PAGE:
Flashing the world's oldest smile to the camera while taking bites of the cake offered to him on the occasion, Masazo Nonaka celebrated 112 years.
A 112-year-old man living in Japan has shared his secrets to becoming the oldest man alive.
Born on July 25, 1905, Nonaka grew up in a large family and succeeded his parents running the inn. It is also the year when the Taft-Katsura Agreement took place and months before Albert Einstein officially published his special theory of relativity.
Guinness World Records' editor-in-chief Craig Glenday said, "Nonaka's achievement is remarkable".
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It is, of course, possible that there is an older living man somewhere in the world, but his date of birth can't be confirmed due to lack of reliable records.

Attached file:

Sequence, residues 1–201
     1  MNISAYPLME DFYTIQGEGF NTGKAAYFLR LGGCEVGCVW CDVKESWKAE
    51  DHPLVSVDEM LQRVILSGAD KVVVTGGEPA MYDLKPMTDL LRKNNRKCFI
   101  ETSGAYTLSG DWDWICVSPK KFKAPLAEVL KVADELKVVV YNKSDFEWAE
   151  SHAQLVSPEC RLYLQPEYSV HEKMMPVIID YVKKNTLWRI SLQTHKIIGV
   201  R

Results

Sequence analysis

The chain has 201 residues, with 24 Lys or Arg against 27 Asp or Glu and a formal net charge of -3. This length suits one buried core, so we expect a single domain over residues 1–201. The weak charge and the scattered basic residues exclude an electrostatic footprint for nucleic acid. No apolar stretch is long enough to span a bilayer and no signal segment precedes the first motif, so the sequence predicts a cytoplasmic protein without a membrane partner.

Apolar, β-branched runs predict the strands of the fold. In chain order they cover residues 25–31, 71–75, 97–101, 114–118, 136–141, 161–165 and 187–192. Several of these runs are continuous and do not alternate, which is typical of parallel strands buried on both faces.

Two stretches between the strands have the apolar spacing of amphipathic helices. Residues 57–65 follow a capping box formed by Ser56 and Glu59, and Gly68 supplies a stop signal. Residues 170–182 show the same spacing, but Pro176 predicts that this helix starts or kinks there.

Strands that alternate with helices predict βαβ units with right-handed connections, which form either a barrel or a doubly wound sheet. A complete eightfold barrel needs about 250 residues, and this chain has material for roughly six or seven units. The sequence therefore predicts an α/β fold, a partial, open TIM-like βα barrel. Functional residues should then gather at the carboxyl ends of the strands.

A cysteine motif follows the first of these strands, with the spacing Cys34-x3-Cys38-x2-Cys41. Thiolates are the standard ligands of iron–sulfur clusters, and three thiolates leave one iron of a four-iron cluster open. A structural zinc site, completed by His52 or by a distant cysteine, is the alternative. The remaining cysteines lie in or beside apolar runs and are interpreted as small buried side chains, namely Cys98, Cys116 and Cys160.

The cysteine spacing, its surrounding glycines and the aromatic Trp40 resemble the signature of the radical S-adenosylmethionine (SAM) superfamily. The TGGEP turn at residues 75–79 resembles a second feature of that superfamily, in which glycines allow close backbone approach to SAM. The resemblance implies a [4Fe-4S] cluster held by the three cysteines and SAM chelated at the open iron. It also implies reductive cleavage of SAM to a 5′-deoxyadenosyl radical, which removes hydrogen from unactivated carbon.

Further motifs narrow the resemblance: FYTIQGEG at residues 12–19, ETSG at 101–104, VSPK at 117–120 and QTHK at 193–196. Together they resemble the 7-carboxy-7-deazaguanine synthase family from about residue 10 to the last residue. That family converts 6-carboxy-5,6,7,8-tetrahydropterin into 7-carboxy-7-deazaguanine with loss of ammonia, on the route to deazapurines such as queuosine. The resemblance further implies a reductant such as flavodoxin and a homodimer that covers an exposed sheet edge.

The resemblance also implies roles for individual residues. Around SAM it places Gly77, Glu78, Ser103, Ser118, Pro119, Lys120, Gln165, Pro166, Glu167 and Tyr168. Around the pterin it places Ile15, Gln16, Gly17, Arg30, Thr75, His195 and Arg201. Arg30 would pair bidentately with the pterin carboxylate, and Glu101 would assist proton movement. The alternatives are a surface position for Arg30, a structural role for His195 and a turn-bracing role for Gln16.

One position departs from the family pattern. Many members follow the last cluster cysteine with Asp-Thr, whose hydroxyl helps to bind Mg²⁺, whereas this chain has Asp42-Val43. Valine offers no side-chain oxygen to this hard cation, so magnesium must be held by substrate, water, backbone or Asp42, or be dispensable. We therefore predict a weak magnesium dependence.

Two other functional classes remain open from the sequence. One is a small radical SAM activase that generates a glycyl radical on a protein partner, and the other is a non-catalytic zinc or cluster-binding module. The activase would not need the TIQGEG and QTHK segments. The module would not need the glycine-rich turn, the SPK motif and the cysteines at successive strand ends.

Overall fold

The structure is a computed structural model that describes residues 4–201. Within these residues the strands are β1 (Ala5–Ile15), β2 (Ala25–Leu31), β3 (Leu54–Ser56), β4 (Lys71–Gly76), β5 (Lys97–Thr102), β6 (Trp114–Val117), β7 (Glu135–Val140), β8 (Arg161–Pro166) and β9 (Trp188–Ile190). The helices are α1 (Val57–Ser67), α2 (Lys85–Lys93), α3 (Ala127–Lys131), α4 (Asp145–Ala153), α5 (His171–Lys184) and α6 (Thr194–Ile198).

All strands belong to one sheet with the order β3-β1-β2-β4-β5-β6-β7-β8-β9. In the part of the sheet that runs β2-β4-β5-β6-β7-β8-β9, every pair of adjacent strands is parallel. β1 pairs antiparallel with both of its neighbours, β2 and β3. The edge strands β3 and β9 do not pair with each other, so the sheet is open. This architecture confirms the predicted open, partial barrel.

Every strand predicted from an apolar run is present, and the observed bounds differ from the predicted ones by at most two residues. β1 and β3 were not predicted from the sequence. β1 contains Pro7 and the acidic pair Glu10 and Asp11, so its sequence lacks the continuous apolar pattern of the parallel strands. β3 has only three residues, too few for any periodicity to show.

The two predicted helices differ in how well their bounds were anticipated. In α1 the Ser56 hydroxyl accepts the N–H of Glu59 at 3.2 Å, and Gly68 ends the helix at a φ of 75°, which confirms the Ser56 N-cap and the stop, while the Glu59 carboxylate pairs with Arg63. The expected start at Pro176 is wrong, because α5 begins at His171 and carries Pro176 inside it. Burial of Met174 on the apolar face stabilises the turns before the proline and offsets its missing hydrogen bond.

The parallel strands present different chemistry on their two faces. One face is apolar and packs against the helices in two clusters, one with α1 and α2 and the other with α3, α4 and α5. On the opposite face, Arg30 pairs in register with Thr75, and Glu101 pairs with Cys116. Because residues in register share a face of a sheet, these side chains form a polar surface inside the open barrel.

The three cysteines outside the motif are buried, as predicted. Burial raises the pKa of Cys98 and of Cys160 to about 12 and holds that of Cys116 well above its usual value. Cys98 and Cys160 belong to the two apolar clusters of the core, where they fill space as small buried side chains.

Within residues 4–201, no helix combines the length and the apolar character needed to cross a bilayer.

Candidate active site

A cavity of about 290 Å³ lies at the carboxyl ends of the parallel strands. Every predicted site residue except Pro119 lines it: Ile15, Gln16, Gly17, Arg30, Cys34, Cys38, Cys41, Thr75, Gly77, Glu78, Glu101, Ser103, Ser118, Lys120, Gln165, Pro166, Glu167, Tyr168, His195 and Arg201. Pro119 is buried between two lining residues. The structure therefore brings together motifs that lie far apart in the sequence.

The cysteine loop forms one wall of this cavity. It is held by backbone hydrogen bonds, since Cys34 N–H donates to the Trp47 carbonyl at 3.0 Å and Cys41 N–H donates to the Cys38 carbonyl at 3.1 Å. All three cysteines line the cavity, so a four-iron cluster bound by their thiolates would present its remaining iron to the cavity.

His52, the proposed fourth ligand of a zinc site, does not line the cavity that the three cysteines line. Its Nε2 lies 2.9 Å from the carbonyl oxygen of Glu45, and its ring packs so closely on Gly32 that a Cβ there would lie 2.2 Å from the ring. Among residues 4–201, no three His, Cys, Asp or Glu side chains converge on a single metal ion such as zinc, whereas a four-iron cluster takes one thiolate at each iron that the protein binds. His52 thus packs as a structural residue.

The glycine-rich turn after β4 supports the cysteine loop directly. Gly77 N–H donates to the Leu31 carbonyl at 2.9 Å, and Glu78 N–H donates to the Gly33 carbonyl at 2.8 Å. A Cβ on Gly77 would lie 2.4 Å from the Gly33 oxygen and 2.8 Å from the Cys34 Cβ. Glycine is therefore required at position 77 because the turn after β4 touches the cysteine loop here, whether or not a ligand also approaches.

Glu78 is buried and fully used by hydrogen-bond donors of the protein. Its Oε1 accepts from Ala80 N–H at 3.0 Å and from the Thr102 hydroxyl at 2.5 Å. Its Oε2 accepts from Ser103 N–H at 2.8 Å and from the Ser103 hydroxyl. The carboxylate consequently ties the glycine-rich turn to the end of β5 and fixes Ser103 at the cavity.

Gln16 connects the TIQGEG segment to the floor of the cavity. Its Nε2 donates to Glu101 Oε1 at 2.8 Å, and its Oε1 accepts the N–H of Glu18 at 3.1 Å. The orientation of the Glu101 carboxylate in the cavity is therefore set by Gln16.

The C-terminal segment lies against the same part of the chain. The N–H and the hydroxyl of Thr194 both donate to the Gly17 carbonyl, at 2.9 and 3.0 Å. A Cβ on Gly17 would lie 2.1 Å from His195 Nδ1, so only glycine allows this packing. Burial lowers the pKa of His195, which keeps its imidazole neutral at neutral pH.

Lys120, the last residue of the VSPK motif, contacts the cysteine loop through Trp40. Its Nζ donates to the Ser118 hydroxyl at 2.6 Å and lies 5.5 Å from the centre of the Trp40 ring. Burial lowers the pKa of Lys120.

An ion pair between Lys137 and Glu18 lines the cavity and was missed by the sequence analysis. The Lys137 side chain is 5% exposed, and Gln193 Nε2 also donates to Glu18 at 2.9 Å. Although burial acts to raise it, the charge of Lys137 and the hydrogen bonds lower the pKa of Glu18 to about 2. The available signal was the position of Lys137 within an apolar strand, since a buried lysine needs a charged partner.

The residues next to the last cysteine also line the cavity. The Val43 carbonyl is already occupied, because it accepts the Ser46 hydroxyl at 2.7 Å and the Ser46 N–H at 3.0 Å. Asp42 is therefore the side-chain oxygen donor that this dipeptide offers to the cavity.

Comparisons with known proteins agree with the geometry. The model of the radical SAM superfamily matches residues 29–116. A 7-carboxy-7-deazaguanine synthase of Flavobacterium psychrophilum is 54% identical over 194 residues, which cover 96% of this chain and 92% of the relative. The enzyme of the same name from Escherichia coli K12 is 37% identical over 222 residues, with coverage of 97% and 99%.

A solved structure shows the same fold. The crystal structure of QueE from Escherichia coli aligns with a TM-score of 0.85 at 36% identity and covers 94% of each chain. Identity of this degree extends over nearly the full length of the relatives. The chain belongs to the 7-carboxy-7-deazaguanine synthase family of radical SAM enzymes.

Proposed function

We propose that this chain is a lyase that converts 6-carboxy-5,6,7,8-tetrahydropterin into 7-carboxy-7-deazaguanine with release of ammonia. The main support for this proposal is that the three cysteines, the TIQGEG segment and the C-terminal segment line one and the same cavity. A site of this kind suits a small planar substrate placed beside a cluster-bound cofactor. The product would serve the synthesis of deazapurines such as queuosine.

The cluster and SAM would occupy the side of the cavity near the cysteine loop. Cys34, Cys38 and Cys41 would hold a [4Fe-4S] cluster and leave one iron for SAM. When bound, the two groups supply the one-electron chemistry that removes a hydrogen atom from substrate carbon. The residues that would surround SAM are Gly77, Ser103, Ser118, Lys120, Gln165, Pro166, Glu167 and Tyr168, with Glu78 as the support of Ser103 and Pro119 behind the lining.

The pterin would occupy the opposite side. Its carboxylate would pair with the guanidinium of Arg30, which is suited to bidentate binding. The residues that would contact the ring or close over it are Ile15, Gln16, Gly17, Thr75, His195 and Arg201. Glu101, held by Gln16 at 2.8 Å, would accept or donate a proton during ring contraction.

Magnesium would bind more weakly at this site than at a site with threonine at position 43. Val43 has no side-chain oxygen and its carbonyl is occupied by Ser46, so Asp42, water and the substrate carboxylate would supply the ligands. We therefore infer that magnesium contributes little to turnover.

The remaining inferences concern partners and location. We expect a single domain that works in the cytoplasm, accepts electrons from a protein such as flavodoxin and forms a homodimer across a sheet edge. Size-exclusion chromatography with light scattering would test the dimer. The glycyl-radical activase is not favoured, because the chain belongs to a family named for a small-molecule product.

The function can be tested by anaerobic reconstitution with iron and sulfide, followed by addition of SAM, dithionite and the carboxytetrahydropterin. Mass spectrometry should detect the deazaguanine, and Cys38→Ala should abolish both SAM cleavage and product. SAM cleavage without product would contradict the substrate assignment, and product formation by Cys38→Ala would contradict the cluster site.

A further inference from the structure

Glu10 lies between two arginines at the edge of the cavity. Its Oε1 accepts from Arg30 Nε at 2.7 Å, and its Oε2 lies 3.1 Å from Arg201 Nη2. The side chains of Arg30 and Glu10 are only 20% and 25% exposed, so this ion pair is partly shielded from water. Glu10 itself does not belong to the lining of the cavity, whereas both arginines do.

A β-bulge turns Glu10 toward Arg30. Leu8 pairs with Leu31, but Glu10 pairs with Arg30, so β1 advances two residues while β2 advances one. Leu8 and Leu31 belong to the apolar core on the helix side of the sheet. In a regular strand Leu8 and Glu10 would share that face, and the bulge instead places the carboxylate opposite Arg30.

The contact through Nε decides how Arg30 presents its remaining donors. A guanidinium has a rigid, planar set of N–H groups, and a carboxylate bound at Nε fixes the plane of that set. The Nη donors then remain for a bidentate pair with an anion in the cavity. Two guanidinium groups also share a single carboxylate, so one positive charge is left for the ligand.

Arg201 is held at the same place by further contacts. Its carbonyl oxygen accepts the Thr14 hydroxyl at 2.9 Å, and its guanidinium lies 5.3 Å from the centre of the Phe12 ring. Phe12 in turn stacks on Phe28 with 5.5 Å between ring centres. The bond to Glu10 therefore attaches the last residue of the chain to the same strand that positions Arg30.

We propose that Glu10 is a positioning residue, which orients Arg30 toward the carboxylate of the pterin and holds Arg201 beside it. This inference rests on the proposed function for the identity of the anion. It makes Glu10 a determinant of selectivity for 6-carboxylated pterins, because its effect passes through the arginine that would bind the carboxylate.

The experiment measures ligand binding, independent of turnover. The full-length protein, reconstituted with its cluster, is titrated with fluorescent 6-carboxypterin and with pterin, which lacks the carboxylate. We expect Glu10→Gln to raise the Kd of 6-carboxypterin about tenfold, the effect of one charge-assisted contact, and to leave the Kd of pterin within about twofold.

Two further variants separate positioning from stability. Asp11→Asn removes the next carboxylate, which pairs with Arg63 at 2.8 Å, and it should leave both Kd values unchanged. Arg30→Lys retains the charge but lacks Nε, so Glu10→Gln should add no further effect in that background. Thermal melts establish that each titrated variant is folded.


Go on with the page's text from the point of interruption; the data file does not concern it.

Born just after the turn of the century - the 20th century - Nonaka started life as a farmer, then worked as a lumberjack, then managed a hot springs spa that his family owned. "He loves eating any kinds of candies ― Japanese or Western style", she said, according to The Telegraph.
His granddaughter told Agence France-Presse (AFP) that, although he uses a wheelchair to move around, his general condition is good. "He reads newspapers every day and often soaks in the hot springs".
Japan has around 68,000 people aged 100 or older in the country, the government said a year ago.
The world's oldest person on record is Japanese woman Nabi Tajima who is 117 who replaced replacing Violet Moss-Brown of Jamaica, who died in September at age 117.